# Interference Patterns:

in·ter·fer·ence
/ˌin(t)ərˈfirəns/

noun: interference; plural noun: interferences

1.  The action of interfering or the process of being interfered with.
synonyms: intrusion, intervention, intercession, involvement, impinging, encroaching

2. Physics the combination of two or more electromagnetic waveforms
to form a resultant wave in which the displacement is either reinforced or canceled.

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## Notes on the "Frequencies" Page:

Frequency
<https://en.wikipedia.org/wiki/Frequency>

Frequency is the number of occurrences of a repeating event per unit of time.[1]
It is also referred to as temporal frequency,
which emphasizes the contrast to spatial frequency and angular frequency.

The period is the duration of time of one cycle in a repeating event,
so the period is the reciprocal of the frequency.[2]

For example: if a newborn baby's heart beats at a frequency
of 120 times a minute,
its period—the time interval between beats
—is half a second (60 seconds divided by 120 beats).

Frequency is an important parameter used in science and engineering
to specify the rate of oscillatory and vibratory phenomena,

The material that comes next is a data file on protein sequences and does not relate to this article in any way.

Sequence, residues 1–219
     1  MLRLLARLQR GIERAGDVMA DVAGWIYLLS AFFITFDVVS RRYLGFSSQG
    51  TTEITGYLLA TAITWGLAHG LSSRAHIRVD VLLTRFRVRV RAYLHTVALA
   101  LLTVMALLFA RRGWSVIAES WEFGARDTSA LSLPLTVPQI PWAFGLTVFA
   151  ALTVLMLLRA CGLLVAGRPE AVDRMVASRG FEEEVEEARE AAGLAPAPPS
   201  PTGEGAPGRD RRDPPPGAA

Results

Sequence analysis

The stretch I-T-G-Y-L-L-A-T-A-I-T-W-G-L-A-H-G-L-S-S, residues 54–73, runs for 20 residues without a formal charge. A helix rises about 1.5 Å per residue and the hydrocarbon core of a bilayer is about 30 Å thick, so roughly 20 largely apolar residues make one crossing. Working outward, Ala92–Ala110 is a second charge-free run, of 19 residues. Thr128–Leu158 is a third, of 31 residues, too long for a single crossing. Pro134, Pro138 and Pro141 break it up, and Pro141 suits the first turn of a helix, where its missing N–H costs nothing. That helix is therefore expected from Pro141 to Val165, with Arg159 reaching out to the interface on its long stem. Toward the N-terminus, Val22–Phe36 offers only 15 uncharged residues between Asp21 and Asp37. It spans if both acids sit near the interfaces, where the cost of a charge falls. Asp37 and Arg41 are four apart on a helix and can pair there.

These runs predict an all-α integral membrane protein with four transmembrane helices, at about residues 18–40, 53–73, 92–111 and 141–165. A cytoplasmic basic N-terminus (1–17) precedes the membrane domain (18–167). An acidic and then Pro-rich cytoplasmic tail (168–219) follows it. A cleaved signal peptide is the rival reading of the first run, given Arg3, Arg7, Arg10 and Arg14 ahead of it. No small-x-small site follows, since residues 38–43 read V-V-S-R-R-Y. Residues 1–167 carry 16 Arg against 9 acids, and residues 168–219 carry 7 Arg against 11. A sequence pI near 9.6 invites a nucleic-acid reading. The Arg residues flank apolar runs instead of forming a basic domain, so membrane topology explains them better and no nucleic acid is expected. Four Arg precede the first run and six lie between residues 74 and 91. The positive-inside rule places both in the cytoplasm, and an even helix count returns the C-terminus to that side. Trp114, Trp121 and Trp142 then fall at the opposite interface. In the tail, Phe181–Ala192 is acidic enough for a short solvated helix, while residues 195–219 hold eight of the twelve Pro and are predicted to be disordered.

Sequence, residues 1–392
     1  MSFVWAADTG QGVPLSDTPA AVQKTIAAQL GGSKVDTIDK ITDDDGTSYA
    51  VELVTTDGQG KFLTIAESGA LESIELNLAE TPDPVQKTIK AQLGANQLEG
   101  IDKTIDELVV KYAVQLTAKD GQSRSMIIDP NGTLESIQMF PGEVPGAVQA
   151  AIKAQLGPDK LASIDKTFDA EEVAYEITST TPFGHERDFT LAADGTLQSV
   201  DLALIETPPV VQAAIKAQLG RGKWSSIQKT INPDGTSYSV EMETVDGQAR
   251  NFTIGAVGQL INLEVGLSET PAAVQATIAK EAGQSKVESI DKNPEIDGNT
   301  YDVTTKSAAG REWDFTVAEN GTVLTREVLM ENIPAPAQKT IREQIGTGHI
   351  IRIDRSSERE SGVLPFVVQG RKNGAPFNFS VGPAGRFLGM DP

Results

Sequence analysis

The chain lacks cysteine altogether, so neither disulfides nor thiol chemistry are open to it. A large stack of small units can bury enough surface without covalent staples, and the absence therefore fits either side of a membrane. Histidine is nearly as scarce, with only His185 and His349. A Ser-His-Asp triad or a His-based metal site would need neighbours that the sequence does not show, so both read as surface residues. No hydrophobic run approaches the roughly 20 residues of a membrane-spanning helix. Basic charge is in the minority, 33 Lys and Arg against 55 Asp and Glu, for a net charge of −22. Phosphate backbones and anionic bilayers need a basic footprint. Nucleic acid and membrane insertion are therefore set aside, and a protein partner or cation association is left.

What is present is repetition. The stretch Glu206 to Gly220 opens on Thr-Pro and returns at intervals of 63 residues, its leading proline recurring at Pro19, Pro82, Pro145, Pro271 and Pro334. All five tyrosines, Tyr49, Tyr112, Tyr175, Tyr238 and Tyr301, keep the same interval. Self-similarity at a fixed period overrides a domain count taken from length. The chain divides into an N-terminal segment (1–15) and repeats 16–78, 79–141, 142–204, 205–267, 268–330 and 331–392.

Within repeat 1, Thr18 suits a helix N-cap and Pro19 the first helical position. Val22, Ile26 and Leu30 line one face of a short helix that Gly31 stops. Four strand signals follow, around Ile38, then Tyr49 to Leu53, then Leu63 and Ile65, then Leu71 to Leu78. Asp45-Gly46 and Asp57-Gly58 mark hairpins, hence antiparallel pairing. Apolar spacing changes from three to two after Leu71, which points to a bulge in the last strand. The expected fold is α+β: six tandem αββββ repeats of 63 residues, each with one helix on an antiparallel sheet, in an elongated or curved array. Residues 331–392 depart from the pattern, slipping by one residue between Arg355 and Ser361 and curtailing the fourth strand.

such as mechanical vibrations, audio signals (sound), radio waves, and light.

Binary Frequencies

A Pattern of Increasing Frequencies
in Base 2 -(Black/White)

Frequency Shift: 1 to 20

A Pattern of Increasing Frequencies
in Base 20

Frequency Shift: 1 to 42 (2 Bits)

A Pattern of Increasing Frequencies
in 2 bit representation -Version 1

Frequency Shift: 1 to 43 (2 Bits)

A Pattern of Increasing Frequencies
in 2 bit representation -Version 2

Binary Shift: Mirrored (4 Bits)

A Mirrored Pattern of Increasing Frequencies
in Base 2 -(Red/Blue)

Frequency Shift: 1 to 43 (4 Bits)

A Pattern of Increasing Frequencies
in 4 bit representation

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## Notes on the "Cycles" Page:

CYCLE (noun)
<https://www.audioenglish.org/dictionary/cycle.htm>

The noun CYCLE has 6 senses:
1. an interval during which a recurring sequence of events occurs
2. a series of poems or songs on the same theme
3. a periodically repeated sequence of events
4. the unit of frequency; one hertz has a periodic interval of one second
5. a single complete execution of a periodically repeated phenomenon
6. a wheeled vehicle that has two wheels and is moved by foot pedals

2:n

A Cycle of 2 against increasing cycles (3-12)
in 2 Bit representation

3:n

A Cycle of 3 against increasing cycles (4-13)
in 2 Bit representation

4:n

A Cycle of 4 against increasing cycles (5-14)
in 2 Bit representation

5:n

A Cycle of 5 against increasing cycles (6-15)
in 2 Bit representation

Composite

All of the above

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## Notes on the "Beats" Page:

beat
(bēt)
<https://www.thefreedictionary.com/beat>

1. To strike repeatedly.

Beat (acoustics)
<https://en.wikipedia.org/wiki/Beat_(acoustics)>
In acoustics, a beat is an interference pattern between two sounds of slightly different frequencies, perceived as a periodic variation in volume whose rate is the difference of the two frequencies.